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Sinn Féin

Sinn Féin (Irish, "ourselves"; sometimes translated as "ourselves alone") is, in its present form, an Irish Republican[?] political party committed to the re-unification of Northern Ireland with the Republic of Ireland, breaking all ties with the United Kingdom. It has strong links with the Provisional Irish Republican Army, and is sometimes referred to as its political wing.

It is now strongest in Northern Ireland, where it polls between 15% and 22% of the vote, competing with the constitutional nationalist Social Democratic and Labour Party (SDLP) for the overwhelmingly Catholic anti-Unionist[?] part of the electorate. It currently has deputies in both the Irish and British Parliaments as well as the Northern Ireland Assembly and the European Parliament.

Table of contents

Early Days

Arthur Griffith
Founder & first leader (1905-1917)
Sinn Féin crystalised around the political propaganda of Arthur Griffith and William Rooney at the beginning of the 20th century. For many years Sinn Féin was a loose federation of political groups whose only real connection was the newspapers edited by Griffith which inspired them. Most historians opt for 1905 as a founding date because in was in this year that Griffith first presented his 'Sinn Féin Policy'. In his writings, Griffth decalred that the Act of Union of Great Britain and Ireland was illegal and that, consequently, the Anglo-Irish dual monarchy which existed under Grattan's Parliament[?] and the so-called Constitution of 1782" was still in effect. Therefore, all that was needed to achieve an idependent Ireland was to believe that this was the case. Everything else would fall into place. It is often stated that Sinn Féin was 'wrongly' blamed by the British for the Easter Rising, with which it had 'no association'. This, however is not entirely true. By 1916 'Sinn Féin' was a generic term covering all sorts of radical political movements in Ireland. Any group that disagreed with mainstream constitutional politics was branded 'Sinn Féin'. When the rising took place (planned in secret by members of the Irish Republican Brotherhood who were also members of Sinn Féin), it was not just the British authorities who called it the 'Sinn Féin Rebellion' but also the Irish press, the Irish police force, the Irish Public and, significantly, the revolutionaries themselves.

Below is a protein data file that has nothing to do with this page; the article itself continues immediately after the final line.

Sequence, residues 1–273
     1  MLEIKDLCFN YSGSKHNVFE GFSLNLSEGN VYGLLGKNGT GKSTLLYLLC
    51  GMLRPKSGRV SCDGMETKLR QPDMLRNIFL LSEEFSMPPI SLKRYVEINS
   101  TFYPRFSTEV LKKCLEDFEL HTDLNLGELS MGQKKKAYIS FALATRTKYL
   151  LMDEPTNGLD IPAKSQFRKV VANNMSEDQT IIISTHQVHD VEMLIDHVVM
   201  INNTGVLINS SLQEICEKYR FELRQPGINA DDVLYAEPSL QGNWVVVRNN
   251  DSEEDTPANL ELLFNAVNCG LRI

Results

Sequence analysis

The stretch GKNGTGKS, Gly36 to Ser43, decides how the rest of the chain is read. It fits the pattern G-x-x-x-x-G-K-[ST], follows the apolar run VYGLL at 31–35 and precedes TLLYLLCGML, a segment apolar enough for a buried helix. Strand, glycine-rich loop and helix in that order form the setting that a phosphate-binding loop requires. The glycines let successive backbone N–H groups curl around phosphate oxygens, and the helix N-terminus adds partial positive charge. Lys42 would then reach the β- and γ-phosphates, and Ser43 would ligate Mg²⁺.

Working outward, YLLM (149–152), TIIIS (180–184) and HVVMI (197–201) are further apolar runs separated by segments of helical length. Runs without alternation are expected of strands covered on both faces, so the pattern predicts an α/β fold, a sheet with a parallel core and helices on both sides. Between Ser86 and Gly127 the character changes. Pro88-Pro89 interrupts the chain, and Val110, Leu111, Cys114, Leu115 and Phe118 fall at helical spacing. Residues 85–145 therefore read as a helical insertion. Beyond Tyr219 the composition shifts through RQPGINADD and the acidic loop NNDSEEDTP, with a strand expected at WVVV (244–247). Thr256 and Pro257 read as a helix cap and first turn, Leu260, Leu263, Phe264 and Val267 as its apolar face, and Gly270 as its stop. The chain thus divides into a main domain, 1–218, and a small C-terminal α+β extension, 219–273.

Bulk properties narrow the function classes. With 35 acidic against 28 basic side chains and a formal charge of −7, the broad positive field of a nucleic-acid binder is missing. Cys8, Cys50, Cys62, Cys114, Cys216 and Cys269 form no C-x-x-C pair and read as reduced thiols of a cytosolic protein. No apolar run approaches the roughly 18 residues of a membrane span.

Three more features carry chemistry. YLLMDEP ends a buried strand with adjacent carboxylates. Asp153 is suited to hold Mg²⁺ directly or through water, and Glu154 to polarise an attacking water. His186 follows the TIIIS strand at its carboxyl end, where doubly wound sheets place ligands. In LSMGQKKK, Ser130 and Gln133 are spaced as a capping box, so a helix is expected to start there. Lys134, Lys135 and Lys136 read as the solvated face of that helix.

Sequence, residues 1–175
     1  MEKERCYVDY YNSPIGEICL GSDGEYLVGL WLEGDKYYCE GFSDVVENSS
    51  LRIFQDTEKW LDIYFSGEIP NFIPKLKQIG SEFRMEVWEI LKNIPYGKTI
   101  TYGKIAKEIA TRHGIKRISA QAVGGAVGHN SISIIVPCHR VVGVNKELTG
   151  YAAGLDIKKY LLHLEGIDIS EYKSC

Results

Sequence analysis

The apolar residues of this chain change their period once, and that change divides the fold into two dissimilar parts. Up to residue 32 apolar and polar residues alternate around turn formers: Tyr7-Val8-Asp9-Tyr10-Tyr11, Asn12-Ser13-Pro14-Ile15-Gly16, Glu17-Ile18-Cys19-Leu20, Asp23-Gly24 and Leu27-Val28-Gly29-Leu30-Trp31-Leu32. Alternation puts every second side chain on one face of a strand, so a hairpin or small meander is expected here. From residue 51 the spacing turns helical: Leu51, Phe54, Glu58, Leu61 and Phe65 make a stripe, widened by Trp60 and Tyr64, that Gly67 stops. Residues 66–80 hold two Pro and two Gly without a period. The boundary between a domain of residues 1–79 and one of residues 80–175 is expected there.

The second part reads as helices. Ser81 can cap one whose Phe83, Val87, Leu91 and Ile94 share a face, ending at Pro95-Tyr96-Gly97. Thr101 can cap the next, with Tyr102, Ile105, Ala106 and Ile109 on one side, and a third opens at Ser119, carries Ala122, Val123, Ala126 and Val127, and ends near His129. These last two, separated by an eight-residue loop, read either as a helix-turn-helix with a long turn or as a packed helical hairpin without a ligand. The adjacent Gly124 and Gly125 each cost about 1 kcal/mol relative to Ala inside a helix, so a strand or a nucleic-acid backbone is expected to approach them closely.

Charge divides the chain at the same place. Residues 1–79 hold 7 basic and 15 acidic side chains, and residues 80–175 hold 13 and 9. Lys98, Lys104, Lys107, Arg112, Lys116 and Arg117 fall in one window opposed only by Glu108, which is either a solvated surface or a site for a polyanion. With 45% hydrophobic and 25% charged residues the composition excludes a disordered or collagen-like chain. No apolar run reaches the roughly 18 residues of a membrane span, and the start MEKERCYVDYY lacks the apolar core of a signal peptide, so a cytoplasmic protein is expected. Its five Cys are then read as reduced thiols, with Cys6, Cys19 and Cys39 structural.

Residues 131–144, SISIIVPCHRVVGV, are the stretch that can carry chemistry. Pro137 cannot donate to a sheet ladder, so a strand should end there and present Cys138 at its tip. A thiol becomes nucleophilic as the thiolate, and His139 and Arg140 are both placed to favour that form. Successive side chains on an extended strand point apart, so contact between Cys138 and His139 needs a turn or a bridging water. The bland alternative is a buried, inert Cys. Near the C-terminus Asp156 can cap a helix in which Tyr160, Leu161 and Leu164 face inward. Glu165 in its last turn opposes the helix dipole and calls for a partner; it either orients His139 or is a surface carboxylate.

Surviving leaders of the Rising under Eamon de Valera took over the the party. De Valera replaced Griffith as president. It nearly split between its monarchist and republican wings at its 1917 Árd Fhéis[?] (conference) until, in a compromise motion, it proposed the establishment of an independent republic, after which the people could decide whether they wanted a monarchy or republic, subject to the condition that if they chose a monarchy, no member of the British Royal Family could serve as monarch.